There’s no way to get around putting up feed for wintering livestock, but there are several ways to minimize the amount of hay fed, the cost of feed delivery, and the cost of hauling away and spreading manure.
Steve Kenyon of Greener Pastures Ranching at Busby, Alta., says that planning for winter grazing and feeding starts in the summer, and continues year-over-year.
Properly managed forage in the spring, summer, and fall can extend true grazing into November or even December, through stockpiling forage or crop aftermath grazing. Kenyon says there’s also the possibility of much earlier spring grazing with properly stock-piled paddocks, as well. It all takes careful planning and adhering to Kenyon’s five regenerative grazing principles (read more on those here).
In order to extend grazing, Kenyon uses a few strategies. One of them is the concept of a “disposable herd.” The term is a little misleading, he admits, as it simply means a herd of, say, yearlings that will be sold earlier in the season, but it could be a leased or custom grazing herd, or it could be accomplished through haying as well. The idea is you design your grazing for a full season with two herds and run them through the first rotation. Then, at some point through the second rotation, you sell off the second herd (or move it, or stop haying) and run the first herd through later, allowing the land plenty of time to grow plenty of forage.
The second option is deferred grazing, where a piece of land is purposely left to go to seed and just grow, perhaps for most of the year. “The quality is lower, with lower protein and energy, yes, and you will have to supplement, but the bulk feed is there,” Kenyon says. Supplementing bulk feed is cheaper than substituting a full ration, he says. Depending on the year, that deferred grazing is done in the very late fall or early winter.
Bale grazing is a form of winter grazing, although, yes, the hay has to be made, transported, and set up. But, Kenyon also looks at the value in those imported nutrients. Bale grazing is a great way to increase soil fertility and water holding capacity, he says, and it significantly lowers your yardage costs, too, as there are no pens to clean out, no manure to spread, and no tractors to start in the dead of winter.
While plenty of bale grazing set up is done in the fall, you can set it out during the winter, too. Kenyon says he prefers to put bales on end if placed during the winter, but on their sides if set out in the fall. He pulls strings before the cows are turned out.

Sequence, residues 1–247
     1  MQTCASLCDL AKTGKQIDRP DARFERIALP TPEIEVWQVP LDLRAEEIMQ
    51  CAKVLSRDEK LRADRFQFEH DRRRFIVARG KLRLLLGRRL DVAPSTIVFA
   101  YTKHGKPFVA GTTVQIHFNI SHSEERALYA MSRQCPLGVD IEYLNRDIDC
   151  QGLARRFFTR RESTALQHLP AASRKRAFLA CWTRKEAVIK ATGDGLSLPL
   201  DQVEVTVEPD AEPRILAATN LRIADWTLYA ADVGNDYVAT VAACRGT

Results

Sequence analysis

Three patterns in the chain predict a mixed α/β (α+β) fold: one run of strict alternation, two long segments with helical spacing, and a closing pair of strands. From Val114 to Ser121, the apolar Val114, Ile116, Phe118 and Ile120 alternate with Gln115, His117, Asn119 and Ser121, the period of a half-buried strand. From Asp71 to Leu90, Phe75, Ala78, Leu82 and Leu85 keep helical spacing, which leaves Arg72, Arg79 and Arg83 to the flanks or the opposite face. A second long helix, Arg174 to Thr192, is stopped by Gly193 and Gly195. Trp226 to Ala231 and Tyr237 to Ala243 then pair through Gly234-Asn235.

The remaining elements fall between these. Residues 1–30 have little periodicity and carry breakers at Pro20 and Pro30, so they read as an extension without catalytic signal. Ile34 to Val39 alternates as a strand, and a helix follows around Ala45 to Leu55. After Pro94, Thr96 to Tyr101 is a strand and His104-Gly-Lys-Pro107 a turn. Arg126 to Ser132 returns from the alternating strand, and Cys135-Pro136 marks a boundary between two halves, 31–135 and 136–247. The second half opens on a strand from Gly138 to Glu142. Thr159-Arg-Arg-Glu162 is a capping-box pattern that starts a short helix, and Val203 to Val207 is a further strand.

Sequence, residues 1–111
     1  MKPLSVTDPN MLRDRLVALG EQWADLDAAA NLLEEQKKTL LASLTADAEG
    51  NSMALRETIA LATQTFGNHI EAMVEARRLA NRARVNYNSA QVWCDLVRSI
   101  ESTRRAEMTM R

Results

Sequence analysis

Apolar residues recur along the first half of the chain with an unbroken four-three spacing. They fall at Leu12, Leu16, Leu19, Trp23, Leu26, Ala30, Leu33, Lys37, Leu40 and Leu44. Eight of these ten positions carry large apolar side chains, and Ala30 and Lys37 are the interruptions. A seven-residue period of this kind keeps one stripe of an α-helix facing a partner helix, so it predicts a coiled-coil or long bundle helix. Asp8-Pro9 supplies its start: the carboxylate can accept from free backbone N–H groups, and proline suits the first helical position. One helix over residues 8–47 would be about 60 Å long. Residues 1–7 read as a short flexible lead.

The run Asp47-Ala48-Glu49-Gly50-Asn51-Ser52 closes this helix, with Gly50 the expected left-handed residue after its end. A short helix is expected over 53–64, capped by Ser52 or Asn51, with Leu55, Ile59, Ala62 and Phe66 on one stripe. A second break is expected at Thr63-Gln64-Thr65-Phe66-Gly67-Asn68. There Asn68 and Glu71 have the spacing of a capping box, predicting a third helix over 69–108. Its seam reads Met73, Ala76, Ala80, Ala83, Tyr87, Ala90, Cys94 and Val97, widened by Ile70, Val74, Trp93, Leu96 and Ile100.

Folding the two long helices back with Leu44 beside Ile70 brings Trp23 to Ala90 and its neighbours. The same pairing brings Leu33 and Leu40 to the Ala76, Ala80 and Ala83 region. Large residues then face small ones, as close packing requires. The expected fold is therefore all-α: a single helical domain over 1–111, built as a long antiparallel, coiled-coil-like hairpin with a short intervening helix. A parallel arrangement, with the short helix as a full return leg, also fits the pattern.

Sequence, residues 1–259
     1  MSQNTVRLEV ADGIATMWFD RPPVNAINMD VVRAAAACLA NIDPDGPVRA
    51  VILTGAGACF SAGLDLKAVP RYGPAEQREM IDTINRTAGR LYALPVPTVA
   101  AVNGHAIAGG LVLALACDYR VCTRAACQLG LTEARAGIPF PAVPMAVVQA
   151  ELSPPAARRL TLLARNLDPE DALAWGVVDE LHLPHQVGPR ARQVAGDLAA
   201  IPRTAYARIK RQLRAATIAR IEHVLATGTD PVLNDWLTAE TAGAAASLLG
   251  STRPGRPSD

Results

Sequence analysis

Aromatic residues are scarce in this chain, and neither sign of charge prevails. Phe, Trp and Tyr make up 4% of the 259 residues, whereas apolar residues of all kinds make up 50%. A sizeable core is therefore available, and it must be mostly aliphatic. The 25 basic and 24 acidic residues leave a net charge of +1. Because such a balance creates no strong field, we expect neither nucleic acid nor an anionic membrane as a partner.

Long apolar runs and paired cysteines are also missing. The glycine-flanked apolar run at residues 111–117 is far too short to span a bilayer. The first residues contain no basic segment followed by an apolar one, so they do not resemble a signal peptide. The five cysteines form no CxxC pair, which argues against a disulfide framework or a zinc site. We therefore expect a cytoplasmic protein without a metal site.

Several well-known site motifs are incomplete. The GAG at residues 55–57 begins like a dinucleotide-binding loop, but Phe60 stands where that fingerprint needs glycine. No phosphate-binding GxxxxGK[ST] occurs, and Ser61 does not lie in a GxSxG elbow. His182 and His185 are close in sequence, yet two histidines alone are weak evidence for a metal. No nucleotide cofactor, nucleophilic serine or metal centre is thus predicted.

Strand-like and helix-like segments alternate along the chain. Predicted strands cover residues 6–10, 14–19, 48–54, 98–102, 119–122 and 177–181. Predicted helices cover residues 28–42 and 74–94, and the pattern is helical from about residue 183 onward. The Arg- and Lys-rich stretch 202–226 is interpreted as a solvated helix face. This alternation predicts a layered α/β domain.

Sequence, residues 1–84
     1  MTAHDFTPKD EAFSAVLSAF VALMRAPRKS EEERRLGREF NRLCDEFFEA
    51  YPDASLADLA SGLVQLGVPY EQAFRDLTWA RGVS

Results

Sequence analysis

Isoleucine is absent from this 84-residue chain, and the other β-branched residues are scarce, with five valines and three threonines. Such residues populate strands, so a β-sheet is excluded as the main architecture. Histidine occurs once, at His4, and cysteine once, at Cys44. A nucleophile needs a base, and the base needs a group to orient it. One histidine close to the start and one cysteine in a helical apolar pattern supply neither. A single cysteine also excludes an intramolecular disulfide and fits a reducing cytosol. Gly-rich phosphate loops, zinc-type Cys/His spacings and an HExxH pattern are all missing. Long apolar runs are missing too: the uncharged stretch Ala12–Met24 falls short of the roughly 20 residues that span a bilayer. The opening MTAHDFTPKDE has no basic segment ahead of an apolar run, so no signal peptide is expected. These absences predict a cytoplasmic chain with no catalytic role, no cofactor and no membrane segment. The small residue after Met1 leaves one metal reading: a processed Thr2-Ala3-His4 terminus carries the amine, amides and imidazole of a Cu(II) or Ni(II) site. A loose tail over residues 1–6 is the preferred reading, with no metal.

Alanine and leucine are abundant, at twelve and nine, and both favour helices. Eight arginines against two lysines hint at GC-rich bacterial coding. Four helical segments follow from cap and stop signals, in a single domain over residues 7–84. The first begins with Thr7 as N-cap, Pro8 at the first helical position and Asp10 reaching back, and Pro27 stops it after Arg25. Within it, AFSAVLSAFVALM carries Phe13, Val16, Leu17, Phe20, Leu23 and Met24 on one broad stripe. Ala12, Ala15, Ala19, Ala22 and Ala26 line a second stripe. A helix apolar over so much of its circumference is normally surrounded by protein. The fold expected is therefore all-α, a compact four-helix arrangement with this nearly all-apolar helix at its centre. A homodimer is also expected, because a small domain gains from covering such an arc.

There are several other unique and creative ways to feed livestock in winter. Kenyon has tried silage pile grazing, after a farmer approached him to clean up some old piles that weren’t going to get used. Using hot wire and accounting for nine inches of “bunk space” each, he says it worked OK, but left a heck of a mess.
“Silage is an efficient way to harvest forage, but it’s an expensive way to feed,” he says. He hasn’t tried it, but grazing silage bags could be an option.
Another cost-effective option can be grazing crop aftermath, and Kenyon has found that bunching the swaths with some low-tech combine additions can really help clean up the field. The idea to drop straw in bunches came after Kenyon observed cows doing a better job cleaning up where the straw had piled up. It makes sense, he says, as the bunch is easier to access and has a higher concentration of seeds. Again, you may need to supplement, but grain farmers are very happy with the residue breakdown that happens through a cow, versus spreading and waiting.
Swath grazing can happen when a crop is grown for that purpose, but Kenyon says he’s often called to swath graze a field that was a failed crop. It’s not his preferred livestock feed, as it’s usually just one species, but a mix of peas and oats and some diverse weed species can offer great nutrition to a herd.
In any winter grazing scenario, Kenyon notes it’s important to keep an eye on body condition of the livestock. Not all animals are as aggressive diggers through snow and some may tend to be the clean up crew. These cattle can end up missing out on key nutrients and will start to lose condition, and will need to be removed and fed in another system.
There are wrecks, too. Kenyon says he’s usually okay through January, but melts in February or March can really cause issues. Too much snow is rarely an issue for swath grazing, but not enough is as well, as it can limit water availability for cows, or, when a melt happens, the water gets into the swath and freezes it solid. Enough snow cover protects against this.
One strategy is to plan to move animals to bale grazing in February or March, and being sure to have an appropriate place to move them during the spring thaw (a pasture/sod holds up well in April, but you’d never want them on a grain field during the thaw).
The more adaptable you can be based on the year and the growing season, and hay and land availability, the better off you’ll be in truly extending the grazing season year-round.